Sustainability

Sustainability

Sustainability

Goals and Rationale

Why do students take Sustainability courses?

UCCS is deeply committed to a sustainable future for all humans and the planet we share. As part of this commitment, we require all students to take a course that discusses sustainability to help them better understand the interaction between human development and the natural environment. In some courses, the discussion of sustainability is deeply integrated into the practices of that career or field of study while other courses approach sustainability from a broader disciplinary perspective.

In sustainability courses, students will learn about key principles of sustainability including social equity, environmental protection, and economic development, among others. Ideally, students will gain knowledge that helps them to promote sustainability in their place of employment (e.g. support diversity, environmental activities such as recycling, reduction of waste, etc.).

Students must take one course to meet their "sustainability" requirement.

Sustainability is a part of the Compass Goals approved in by faculty in 2010.

  • Goal 3) Act and Interact. Students will cultivate self-awareness and understanding of their impact-locally, nationally, and globally. Students will be prepared to participate effectively in a society that encompasses diverse experiences, perspectives, and realities. This area includes [among others]:  Sustainability - understanding the interaction between human development and the natural environment" 

In order to achieve the terms of this goal, students will learn about key principles of sustainability including social equity, environmental protection, and economic development, among others. The sustainability goal will be achieved by integrating teaching about sustainability within discipline-specific coursework and/or other general education components, or in general elective courses.  Integrated content and/or courses will vary across disciplines and will examine the integrative nature of the sustainability concept to their disciplinary work.  Ideally, students will gain knowledge about how to promote sustainability in their place of employment (e.g. support diversity, environmental activities such as recycling, reduction of waste, etc.).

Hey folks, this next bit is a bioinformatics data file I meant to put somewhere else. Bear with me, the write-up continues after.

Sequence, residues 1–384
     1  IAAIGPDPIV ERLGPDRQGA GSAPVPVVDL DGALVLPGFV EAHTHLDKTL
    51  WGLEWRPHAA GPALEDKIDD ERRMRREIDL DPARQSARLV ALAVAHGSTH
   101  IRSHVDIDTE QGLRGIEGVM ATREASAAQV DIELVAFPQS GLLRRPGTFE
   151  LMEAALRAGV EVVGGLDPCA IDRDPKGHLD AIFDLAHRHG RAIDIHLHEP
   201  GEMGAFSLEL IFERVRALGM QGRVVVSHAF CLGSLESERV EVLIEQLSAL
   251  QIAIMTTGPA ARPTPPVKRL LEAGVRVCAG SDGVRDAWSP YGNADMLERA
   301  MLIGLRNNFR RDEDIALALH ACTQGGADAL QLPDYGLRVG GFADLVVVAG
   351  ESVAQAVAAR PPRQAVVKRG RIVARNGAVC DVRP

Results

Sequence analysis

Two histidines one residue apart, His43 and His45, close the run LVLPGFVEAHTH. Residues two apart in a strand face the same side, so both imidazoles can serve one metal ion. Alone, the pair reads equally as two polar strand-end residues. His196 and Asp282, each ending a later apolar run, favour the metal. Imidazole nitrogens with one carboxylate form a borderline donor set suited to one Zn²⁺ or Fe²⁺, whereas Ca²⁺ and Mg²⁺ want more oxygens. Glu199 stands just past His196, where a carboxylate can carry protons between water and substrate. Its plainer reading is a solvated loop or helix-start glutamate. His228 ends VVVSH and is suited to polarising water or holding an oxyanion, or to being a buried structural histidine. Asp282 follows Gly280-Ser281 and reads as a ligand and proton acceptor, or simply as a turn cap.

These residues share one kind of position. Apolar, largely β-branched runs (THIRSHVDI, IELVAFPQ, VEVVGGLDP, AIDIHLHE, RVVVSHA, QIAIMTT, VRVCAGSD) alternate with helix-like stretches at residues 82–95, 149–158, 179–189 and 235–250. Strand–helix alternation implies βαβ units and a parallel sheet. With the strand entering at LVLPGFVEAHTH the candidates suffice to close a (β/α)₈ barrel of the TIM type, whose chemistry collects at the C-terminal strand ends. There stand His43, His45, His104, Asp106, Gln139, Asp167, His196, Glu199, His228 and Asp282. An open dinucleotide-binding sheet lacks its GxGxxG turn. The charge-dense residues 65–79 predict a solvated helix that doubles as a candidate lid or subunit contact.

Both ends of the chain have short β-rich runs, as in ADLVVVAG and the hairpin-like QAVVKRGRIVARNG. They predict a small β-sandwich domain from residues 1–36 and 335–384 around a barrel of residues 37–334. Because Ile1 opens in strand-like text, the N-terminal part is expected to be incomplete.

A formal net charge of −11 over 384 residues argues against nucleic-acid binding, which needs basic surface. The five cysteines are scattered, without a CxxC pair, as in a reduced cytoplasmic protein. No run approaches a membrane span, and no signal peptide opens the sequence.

Outcomes and Requirements

Sustainability Courses help students learn about:

  • The history of human-nature interaction
  • The long-term consequences of human interaction with nature

Essential Learning Outcomes:

  • Explain sustainable practices and impacts relative to the interaction between human development and the natural world.
  • Gather, critically analyze and evaluate quantitative information within relevant disciplinary contexts.
  • Gather, critically analyze and evaluate qualitative information within relevant disciplinary contexts.
  • Apply and integrate knowledge from a range of disciplines, including interdisciplinary or cross-disciplinary research.

All Inclusiveness Courses should:

  • Require students to articulate or apply learning about sustainability in at least one course assignment or activity.
  • Have a significant portion (minimally 25-30%) of the course concepts, assignments, case studies, context, lectures, readings, or other required course elements teach about sustainability.

Inclusiveness Courses help students at UCCS understand implications of Earth’s natural support systems:

  • Sustainability can be defined as the use of resources in a way that those resources will be available for everyone today and for future generations.
  • Commonly, sustainability is viewed through the lens of the interaction between human development and the natural environment.
  • Just as importantly, aspects of Sustainability such as social equity, environmental protection, and economic development are part of the definition of Sustainability.

Sustainability Courses may address topics such as:

  • The interaction of humans with the environment with the goal of making the Earth a long-term viable support system for its inhabitants.
  • Equitable access to essential resources for all people or the exposure of some groups of population to higher levels of pollutants.
  • Examinations of the physical systems like climate that support humans and the impact that humans have on those systems.
  • Discussion of the economic inequalities that affect human use of environmental systems and the commodification of ecosystem functions.